Cybersecurity lessons: Flaw in Zendesk file-upload feature

Tips & tricks
11 mins
Cranes moving shapes around.

Editor’s note: This post is part of our series for cybersecurity professionals and hobbyists, written by Aaron E., head of cybersecurity at ExpressVPN. 

Late last year we received a bug report via our bug bounty program regarding a security issue with our support system, Zendesk.

Using a specific API call, an attacker could upload a malicious file to Zendesk and would receive in response a URL pointing to this file. Files uploaded in this manner would be accessible both to support agents and anyone the attacker shared the resulting URL with. 

ExpressVPN is a Zendesk customer, so we were particularly interested in the impact of this bug. The most troubling aspect for us was that the URL would be of the form, which may appear authoritative to users. 

Specifically, we were concerned about the scenario where an attacker creates a malicious version of our VPN application and then abuses the Zendesk flaw to publish it under the domain. Unsuspecting users could be convinced that such an application is legitimate due to its URL.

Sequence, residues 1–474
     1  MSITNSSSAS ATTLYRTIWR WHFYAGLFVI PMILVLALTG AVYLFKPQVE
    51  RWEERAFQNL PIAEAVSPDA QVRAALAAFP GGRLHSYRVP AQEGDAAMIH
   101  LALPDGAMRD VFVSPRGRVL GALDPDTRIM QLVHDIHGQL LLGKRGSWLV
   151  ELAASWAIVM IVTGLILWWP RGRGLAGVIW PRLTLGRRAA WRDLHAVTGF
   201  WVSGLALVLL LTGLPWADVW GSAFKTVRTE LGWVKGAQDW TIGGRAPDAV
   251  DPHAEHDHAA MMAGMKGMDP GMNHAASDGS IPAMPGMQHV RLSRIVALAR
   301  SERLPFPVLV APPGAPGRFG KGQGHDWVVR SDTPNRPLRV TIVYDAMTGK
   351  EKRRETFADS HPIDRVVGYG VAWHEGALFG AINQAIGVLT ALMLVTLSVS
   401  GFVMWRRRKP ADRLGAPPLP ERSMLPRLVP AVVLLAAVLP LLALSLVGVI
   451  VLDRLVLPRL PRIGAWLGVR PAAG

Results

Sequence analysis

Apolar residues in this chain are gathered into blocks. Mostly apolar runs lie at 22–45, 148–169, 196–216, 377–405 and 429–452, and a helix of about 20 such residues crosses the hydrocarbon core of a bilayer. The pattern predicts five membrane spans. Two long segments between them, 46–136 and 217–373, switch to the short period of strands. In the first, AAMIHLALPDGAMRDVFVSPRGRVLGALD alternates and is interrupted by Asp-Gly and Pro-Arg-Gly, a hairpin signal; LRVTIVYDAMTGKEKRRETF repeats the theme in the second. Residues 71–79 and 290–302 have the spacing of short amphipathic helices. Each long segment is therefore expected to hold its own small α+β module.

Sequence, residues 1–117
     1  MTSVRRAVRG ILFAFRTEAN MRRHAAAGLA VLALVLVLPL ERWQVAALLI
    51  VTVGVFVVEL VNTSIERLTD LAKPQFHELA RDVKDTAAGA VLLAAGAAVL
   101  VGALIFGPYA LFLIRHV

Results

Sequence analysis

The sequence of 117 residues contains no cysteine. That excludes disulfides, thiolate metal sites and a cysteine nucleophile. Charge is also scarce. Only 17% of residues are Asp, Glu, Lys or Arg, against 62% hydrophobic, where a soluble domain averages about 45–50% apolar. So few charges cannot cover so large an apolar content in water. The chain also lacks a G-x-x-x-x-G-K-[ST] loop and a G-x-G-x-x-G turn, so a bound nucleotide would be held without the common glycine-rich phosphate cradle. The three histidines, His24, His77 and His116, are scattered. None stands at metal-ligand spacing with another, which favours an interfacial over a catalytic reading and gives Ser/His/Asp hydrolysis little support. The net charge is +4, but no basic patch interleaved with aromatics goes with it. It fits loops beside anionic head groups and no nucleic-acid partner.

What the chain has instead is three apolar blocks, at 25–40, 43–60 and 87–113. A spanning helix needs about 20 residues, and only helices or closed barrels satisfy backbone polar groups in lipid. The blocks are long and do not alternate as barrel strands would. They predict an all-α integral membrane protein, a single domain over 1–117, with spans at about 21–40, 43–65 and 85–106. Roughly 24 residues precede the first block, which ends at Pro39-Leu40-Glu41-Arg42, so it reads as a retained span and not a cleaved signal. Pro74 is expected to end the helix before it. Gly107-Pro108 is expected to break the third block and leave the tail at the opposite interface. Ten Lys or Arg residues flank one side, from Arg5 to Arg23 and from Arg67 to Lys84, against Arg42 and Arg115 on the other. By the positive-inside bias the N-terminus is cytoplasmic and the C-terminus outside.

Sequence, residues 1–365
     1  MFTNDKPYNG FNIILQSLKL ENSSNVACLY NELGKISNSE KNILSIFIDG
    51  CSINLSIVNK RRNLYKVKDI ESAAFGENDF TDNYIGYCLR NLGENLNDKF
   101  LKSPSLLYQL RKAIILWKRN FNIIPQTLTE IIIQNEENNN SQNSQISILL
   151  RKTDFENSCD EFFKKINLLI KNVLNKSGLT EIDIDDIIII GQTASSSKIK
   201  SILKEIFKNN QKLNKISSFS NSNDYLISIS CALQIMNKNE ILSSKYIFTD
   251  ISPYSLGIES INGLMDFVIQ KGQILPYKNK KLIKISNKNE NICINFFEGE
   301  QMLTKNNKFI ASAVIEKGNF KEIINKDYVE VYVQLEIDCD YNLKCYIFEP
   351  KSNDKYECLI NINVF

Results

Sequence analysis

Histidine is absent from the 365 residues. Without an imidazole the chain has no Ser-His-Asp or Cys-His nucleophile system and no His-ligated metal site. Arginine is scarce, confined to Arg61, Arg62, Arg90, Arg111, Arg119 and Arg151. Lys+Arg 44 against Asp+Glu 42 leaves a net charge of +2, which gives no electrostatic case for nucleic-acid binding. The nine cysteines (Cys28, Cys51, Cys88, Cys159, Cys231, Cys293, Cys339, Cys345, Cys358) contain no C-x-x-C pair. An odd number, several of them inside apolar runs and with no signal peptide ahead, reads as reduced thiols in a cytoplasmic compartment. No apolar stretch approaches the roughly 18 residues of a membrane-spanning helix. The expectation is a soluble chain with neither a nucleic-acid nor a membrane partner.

There was also a real risk that an attacker would simply use our subdomain at Zendesk to host malware. Even though these files had a limited lifetime, an attacker would have been able to simply upload any payload they wanted (e.g., powershell files, shellcode, binaries, javascript files, etc.) and then use the highly reputable domain in drive-by download attacks, phishing attacks, or even to host second stages of their attack tooling and more.

ExpressVPN disclosed this vulnerability to Zendesk and also changed our support site and Zendesk configuration to mitigate the issue. Additionally, Zendesk rolled out a customer-controlled feature to require authentication for the requests and uploads API endpoints. In what follows, we’ll explain in more detail exactly how this bug was triggered and our remediation and disclosure timeline.

The bug